Lorna and others need to sit away from the action. Here she and Freddy are posted at the back of Chanda’s house, observing a scene at Mrs. Tafa’s place on a monitor.

And here’s the audio mixer, Ivan Milborrow, with a take about to begin, fretting about cars, kids, drums, roosters and airplanes -- any outside sound that can wreck a take.

It’s never ending. Sixty crew plus catering security and cast. And I haven’t even mentioned the casting director, transport managers, set captains, drivers, camera assistants, production director, art director, set decorators, wardrobe, makeup and props personel, stunt co-ordinators, editors, or post-production, much less the producers! Even organizing a shoot for an intimate family drama like Chanda’s Secrets is staggering in its complexity.

So staggering, I think we all need a break. Next post, let’s go on safari!

Till then,


UPDATE: The film adaptation of CHANDA'S SECRETS is called LIFE, ABOVE ALL and will premiere as an Official Selection at the 2010 Cannes International Film Festival.

Friday, December 11, 2009


Deciding to shoot Chanda’s Secrets on location was a gutsy move by the producers. Take financing. Even though South Africa is a relatively stable and prosperous country, the word ‘Africa’ makes bankers twitch: They don’t seem to understand that Africa is a continent, like Europe and North America, and that countries within the continent can be doing just fine, thank you very much.

But shooting a film in rural SubSahara has other headaches besides financing. There are electrical outages. Heat and dirt can gum up cameras, monitors, cables and mikes. And getting consistent outdoor light in rainy season is a trick and a half.

Plus, while most exterior on-location shoots have complications with traffic noise, I don’t know of too many others that have to deal with Spirit Doctor Schools. There's one around the block from Chanda’s house. It's not like anyone's been threatened with a spell or anything, but the drumming can be a problem. Especially when it kicks in during a quiet, intense scene like Mama's return from Tiro.

Still, who can resist the countryside at the top of this post? Or imagine a more authentic contrast between Chanda’s place and that of her wealthy neighbour, Mrs. Tafa, than the real-life homes below?

Here, by the way, is Mama’s bedroom before she leaves for Tiro. (A real room worked on by the art department.)

And here’s Chanda’s school. (The school’s real-life principal, shown here, is the only person around right now, aside from the cleaning staff. In South Africa, students are on summer break during December.)

You’ll recall that in Chanda’s Secrets, Esther and her brother and sisters were split up after their parents died. Esther was forced to live in a shed on the property of a very strict auntie and uncle. Here it is in real life, and as you'll see it on screen:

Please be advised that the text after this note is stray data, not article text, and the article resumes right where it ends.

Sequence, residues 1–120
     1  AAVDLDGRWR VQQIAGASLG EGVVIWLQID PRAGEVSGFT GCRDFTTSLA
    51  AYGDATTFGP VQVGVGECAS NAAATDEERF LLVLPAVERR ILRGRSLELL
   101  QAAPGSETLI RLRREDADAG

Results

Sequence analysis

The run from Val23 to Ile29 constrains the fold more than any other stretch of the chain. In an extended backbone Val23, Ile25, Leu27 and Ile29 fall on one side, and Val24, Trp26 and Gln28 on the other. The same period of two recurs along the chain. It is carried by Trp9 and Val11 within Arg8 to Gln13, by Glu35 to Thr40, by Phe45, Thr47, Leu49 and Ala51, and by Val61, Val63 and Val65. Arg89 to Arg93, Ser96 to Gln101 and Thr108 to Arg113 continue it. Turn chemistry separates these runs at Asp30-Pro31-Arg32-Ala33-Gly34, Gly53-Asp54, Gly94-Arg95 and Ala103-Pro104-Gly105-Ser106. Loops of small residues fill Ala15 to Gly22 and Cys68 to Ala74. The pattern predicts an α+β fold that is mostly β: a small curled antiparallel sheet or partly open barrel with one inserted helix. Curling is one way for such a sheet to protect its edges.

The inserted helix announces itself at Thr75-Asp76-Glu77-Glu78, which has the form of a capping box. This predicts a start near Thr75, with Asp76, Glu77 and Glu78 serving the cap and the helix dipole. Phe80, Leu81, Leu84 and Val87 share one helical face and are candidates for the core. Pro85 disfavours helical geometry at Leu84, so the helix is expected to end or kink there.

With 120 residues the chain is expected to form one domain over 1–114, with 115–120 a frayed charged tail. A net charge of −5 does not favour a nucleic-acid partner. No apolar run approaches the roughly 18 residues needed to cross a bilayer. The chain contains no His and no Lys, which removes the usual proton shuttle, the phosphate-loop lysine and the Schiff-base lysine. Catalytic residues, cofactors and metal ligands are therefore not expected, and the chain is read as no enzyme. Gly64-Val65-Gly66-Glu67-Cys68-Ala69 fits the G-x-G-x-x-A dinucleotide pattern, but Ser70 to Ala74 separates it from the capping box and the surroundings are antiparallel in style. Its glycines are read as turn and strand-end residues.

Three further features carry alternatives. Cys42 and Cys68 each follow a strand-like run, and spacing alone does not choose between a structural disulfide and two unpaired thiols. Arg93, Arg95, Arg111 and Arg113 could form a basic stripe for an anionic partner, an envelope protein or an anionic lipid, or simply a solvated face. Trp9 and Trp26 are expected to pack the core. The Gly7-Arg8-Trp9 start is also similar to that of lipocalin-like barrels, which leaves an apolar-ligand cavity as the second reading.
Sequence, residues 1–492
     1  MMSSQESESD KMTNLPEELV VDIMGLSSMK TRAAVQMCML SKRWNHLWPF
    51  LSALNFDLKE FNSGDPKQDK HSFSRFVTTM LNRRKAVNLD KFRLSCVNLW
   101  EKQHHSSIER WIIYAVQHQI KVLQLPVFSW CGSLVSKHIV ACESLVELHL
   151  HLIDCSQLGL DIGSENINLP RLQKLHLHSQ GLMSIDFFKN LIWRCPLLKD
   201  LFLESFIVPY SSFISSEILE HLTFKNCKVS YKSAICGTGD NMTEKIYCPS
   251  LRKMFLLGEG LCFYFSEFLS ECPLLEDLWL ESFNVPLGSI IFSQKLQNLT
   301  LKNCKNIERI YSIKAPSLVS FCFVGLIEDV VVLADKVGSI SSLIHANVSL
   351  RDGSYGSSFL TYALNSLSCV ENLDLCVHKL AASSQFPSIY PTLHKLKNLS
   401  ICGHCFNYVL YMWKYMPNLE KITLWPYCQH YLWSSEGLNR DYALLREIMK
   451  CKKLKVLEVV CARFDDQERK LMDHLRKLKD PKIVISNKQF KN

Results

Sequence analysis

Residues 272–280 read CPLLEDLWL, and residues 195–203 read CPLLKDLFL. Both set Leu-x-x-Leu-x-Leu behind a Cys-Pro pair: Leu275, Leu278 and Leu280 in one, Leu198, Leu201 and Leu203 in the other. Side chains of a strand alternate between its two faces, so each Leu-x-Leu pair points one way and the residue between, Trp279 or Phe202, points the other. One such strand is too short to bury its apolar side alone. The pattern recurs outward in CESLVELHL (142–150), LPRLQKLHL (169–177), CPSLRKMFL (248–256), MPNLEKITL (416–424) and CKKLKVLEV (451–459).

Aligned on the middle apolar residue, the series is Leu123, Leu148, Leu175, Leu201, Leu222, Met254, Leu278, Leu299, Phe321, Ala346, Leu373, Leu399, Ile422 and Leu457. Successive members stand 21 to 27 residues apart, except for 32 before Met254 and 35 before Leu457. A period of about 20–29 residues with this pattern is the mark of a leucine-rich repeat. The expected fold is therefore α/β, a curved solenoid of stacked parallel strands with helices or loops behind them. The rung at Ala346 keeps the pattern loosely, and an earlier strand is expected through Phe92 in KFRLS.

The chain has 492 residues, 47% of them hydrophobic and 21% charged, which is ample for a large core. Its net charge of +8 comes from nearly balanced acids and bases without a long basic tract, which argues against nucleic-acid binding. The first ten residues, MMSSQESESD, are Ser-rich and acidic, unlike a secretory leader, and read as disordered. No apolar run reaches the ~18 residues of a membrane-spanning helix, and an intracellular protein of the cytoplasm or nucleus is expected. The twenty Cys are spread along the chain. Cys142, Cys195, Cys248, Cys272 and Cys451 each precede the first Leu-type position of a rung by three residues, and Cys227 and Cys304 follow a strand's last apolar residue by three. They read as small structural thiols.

Below is the local cemetery where Mrs. Tafa's son and Chanda's little sister are buried. It goes on forever, even though Elandsdoorn is a village of only a few thousand people. (The current HIV/AIDS infection rate is 40%, Yes, 40%. That’s one of the reasons that everyone involved in the production, especially local extras and crew, are so committed.)

And here are the ruins in the country where Chanda goes in search of her mother.

Chanda can’t find her anywhere. Then she sees the tree. I don’t know how to describe it, but when I was at this ruins, I was filled with a sense of the otherworldly. It’s a holy place. You can feel it in the film, too.

I'm told that in the countryside around here, people buried their relations under a tree close by so they could live with the spirits of their ancestors. I can’t help but feel the pain of the last family members who disappeared, and of their dear departed left behind.

* * *
If you've read Chanda's Secrets, you'll know that many of the locations shown above are a little different than the way they’re described in the novel. (You can see the difference in the grave sites, for instance, by going to my website, www.allanstratton.com, and clicking Photo Gallery next to Chanda’s Secrets.) The reason is simple: The film is being made in and around Elandsdoorn and the nearby town of Groblersdal, South Africa, whereas my novel is a fictionalized version of Francistown, Botswana.

Yet no matter how different the specifics, I think the locations are a perfect match for the spirit and imaginative space of the novel. They hold a truth that no constructed set could possibly manage. That’s why the producer's decision to shoot this film on location in SubSahara, no matter how problematic, was so utterly right. The honesty and authenticity of it all leaps off the monitors and daily rushes.

There are so many other locations: the shabeen (local pub), the dam, the herbal doctor's place, the truck stop where Esther works (in the novel, Hooker Park), the evangelical church, but I hope these give you a flavour of things. In the near future, I’ll be blogging about how Chanda’s Secrets came to be transformed from novel to film. I’ll talk about my meetings with the Olivers: producer Oliver Stoltz in Toronto and Berlin, and director Oliver Schmitz in Berlin. I’ll also be going into the bush with you on safari! For now, I leave you with some happy ducks at the side of the road.

UPDATE: The film adaptation of CHANDA'S SECRETS is called LIFE, ABOVE ALL and will premiere as an Official Selection at the 2010 Cannes International Film Festival.